Amazing artwork by:(http://browse.deviantart.com/art/music-106660536)
One good thing about music, when it hits you, you feel no pain.
This is one of my most favourite quotes. Music is an important part of my life. Even though I may not be musically talented per say (does singing in the shower count?), I enjoy listening to it daily as it helps me forget about life’s problems instantly. For those few minutes I’m in a zone where nothing else matters except how the music makes me feel in that moment; be it happy, sad, calm you name it, music can take you on an emotional roller-coaster.
So when I read an article talking about assigning musical notes to each amino acid in different proteins to create a melody I was beyond thrilled!
This has been an ongoing project by Rie Takahashi and Jeffrey Miller, colleagues at the University of California at Los Angeles, in which their aim is to “musicalise” the amino acid sequences in various proteins. Although this idea has been thought of before, Takahashi and Miller have found a way to make the tunes richer and more rhythmic compared to earlier efforts that resulted in jumpy notes.
Jeffrey H. Miller
So, how is this done?
It’s really simple actually. Each of the 20 amino acids is allocated a specific musical note, be it middle C or D sharp, until each one has their own note. Then a protein is chosen and a musical score is made just by transcribing the amino acids of the protein’s sequence into musical notes.
Remember I told you that previous attempts at making “musical proteins” failed because of notes “jumpy notes”? This was because sometimes notes would leap 20 notes at a time, thus making it hard/ unmelodious to the ear. But Takahashi and Miller overcame this obstacle by giving each amino acid not just one note but three notes, also called a triad chord. These triad chords were played successively and the harmonies were easier on the ears and just overall nicer to listen to. They did cheat a little bit though because they made minor changes to the chords already used in the first 13 amino acids and then gave them to the remaining 7, but it was all to make the highest tunes more favourable.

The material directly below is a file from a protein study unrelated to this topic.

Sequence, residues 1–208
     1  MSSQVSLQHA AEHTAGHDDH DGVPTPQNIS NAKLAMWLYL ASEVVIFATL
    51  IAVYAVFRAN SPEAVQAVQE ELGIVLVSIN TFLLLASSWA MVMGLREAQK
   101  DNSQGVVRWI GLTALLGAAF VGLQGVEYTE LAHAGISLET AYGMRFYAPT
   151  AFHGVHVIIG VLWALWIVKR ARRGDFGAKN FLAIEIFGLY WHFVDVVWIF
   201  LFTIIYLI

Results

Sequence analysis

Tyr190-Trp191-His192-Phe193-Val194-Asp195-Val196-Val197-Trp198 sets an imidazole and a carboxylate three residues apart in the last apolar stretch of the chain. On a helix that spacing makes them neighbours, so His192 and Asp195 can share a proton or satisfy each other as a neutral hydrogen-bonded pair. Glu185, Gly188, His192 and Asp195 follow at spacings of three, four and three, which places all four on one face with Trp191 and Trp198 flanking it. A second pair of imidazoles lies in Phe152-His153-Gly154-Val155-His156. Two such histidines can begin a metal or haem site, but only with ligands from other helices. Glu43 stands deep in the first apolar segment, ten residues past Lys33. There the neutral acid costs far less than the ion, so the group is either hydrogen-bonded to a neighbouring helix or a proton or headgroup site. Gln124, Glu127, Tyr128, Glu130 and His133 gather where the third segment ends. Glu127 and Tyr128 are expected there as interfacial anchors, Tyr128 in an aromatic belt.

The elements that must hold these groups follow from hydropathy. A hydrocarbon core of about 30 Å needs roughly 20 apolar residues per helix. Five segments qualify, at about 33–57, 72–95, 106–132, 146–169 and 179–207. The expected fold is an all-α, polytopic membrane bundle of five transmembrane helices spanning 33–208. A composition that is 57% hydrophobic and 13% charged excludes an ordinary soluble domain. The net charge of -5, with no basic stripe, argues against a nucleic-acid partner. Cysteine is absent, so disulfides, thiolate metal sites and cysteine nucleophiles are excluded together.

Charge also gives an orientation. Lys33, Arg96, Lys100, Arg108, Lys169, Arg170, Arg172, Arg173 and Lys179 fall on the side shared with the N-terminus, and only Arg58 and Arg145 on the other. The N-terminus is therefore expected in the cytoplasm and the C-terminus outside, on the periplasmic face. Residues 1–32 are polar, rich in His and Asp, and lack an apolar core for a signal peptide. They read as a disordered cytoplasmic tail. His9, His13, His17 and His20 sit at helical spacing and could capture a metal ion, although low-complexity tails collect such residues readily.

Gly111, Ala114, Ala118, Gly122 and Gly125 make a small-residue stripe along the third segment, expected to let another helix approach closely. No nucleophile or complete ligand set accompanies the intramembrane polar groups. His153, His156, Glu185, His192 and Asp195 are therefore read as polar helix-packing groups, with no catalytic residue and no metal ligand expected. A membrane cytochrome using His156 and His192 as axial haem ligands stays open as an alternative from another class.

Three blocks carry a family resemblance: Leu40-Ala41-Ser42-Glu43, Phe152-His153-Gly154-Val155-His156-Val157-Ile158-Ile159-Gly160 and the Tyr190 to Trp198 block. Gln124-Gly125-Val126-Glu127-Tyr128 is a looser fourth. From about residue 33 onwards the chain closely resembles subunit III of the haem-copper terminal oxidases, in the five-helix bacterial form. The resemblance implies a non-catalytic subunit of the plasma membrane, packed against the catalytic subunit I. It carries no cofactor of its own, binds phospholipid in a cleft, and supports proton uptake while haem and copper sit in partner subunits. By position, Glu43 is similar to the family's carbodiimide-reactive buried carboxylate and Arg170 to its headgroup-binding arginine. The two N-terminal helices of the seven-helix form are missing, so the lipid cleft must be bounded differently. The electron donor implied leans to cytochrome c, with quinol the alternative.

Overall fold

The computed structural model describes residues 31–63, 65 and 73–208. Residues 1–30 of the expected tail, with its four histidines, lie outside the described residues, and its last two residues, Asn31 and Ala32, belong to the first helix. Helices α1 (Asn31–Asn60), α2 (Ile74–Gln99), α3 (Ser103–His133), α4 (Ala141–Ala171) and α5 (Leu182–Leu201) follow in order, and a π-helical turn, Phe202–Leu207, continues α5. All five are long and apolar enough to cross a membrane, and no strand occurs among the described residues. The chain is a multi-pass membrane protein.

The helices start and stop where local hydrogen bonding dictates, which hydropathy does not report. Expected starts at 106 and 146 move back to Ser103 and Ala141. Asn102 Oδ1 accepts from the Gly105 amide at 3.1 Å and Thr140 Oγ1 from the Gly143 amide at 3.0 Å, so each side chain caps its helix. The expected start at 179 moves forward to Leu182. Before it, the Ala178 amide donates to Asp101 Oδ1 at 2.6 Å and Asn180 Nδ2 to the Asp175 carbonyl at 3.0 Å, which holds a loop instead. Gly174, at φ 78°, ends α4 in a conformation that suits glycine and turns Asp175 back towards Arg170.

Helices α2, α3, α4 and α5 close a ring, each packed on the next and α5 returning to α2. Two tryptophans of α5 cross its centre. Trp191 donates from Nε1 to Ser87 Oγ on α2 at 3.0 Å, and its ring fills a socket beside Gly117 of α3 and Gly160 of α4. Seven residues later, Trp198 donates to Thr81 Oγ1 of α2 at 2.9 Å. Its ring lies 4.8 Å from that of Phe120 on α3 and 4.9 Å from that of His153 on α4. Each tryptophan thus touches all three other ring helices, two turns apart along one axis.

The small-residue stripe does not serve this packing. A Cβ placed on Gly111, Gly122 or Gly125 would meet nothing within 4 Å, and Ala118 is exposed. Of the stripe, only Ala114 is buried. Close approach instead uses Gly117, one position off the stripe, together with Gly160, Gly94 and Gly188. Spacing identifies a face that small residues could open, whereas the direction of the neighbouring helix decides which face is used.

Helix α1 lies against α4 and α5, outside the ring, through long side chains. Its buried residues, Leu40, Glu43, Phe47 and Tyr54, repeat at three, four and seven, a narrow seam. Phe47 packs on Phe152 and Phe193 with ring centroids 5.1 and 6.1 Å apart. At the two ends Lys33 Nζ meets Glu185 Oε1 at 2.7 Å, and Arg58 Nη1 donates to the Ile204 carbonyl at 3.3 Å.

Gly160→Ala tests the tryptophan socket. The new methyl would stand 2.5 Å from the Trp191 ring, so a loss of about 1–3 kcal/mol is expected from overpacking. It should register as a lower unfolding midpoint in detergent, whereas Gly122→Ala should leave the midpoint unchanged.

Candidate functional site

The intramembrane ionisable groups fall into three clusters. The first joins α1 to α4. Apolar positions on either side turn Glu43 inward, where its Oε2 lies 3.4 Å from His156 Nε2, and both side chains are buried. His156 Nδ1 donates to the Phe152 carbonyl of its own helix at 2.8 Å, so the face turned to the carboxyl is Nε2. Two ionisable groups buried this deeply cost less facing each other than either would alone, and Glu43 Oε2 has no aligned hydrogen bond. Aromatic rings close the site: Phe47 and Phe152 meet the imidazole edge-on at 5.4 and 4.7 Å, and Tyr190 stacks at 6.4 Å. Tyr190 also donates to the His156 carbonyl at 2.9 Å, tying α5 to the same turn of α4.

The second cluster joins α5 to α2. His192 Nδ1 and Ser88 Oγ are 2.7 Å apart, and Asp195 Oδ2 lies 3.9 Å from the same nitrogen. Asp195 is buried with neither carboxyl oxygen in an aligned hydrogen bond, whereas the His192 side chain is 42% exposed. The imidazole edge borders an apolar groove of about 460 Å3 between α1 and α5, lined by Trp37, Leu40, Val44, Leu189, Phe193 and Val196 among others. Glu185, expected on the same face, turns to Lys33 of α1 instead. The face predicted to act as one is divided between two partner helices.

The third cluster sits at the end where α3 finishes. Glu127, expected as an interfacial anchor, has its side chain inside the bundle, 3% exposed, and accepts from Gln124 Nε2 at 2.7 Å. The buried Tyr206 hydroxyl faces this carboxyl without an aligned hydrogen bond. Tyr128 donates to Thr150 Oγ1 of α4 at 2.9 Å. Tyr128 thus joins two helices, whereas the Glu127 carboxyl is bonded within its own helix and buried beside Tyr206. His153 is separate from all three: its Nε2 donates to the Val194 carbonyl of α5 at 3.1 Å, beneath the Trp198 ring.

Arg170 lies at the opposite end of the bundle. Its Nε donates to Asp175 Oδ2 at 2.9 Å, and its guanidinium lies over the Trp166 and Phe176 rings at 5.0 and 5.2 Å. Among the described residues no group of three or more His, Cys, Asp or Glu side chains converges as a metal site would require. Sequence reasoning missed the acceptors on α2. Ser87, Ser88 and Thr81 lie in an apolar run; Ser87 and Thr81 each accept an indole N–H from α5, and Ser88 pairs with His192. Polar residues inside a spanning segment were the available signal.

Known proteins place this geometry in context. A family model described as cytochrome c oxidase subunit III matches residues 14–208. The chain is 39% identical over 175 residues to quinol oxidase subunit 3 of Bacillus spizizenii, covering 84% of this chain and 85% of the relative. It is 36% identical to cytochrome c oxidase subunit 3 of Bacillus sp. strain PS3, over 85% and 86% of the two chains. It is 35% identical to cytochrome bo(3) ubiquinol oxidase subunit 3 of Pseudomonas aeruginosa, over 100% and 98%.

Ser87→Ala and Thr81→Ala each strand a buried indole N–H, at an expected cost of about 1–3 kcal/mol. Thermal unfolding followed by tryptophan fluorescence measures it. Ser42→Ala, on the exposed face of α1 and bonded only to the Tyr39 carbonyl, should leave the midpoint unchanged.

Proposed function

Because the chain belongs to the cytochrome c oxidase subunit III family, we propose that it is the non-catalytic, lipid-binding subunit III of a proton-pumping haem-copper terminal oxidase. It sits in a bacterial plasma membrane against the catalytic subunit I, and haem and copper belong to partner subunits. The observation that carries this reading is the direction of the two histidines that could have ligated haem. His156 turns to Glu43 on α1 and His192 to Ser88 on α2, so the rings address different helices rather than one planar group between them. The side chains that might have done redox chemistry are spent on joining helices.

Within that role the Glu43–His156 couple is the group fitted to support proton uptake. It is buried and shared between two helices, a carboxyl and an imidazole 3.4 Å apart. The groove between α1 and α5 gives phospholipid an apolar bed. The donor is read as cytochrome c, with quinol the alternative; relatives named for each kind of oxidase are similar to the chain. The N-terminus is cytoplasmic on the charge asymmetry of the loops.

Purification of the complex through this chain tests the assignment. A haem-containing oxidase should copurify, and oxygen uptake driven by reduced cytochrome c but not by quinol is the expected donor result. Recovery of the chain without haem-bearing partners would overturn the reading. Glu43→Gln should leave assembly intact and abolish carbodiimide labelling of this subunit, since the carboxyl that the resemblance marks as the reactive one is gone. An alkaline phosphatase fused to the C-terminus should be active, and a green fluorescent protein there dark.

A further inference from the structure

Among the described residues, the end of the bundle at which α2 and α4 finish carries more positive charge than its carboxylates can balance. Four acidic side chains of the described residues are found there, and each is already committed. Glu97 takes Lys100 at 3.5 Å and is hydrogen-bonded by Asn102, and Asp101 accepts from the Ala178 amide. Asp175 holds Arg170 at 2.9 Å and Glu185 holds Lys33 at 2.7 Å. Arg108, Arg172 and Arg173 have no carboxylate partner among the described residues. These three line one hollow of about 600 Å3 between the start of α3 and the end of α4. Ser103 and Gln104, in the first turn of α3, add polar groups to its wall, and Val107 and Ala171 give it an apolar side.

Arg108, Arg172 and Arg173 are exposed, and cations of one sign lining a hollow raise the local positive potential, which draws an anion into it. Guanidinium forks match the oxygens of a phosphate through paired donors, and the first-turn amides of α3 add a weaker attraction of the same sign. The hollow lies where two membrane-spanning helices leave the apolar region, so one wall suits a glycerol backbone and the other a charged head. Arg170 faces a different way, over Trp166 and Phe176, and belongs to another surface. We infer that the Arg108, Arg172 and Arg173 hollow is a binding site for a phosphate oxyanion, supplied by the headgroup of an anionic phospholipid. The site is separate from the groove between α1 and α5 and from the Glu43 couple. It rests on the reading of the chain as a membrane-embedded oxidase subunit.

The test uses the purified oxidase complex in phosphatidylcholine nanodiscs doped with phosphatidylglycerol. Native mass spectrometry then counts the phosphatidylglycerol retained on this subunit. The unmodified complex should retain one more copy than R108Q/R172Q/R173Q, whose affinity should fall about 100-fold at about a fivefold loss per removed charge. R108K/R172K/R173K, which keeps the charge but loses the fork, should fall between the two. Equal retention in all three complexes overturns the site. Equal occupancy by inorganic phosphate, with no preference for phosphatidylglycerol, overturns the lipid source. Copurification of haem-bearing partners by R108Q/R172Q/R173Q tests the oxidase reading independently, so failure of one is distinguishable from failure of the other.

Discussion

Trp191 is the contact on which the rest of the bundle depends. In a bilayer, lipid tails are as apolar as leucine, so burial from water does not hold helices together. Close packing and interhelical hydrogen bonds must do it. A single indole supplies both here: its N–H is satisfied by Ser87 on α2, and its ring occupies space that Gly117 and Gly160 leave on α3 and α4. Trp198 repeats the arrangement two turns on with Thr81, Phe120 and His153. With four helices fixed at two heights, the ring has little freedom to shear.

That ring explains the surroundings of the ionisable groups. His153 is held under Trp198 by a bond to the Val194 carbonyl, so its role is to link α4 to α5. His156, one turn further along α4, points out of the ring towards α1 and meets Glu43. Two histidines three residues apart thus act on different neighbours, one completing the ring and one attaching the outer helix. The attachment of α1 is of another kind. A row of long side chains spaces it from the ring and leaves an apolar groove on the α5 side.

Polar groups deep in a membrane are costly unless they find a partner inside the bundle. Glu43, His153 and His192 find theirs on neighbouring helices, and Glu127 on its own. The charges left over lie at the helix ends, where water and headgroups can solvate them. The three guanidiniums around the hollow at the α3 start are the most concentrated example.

They also discovered a way to put in timings to each triad so rhythm could be introduced into the music. By using the changes in the codon (triplets of DNA bases in the gene) frequencies, they allotted time values to the chords for each of the amino acids in the protein sequence. Since an amino acid can have up to 4 different codons, the more common the codon is in the DNA, the longer the time value it has. That means the longest note in the melody would have a semibreve enduring 4 beats! Cool right?
I’m sure you just want to hear what it sounds like by now, so listen here!! On their website, they have numerous other creations here. Even though it’s not Beethoven, I still think it’s an ingenious idea and I’m excited to see and hear what becomes of this as Takahashi would like to add other instruments to the protein music as well!
Other vids can be found on Youtube as well showing how others convert each amino acid sequence of different proteins into music 🙂
Article Reference: Coghlan, Andy. 2007. “Music made to measure from nature’s proteins” Accessed April 6, 2013. http://www.newscientist.com/article/dn11775-music-made-to-measure-from-natures-proteins.html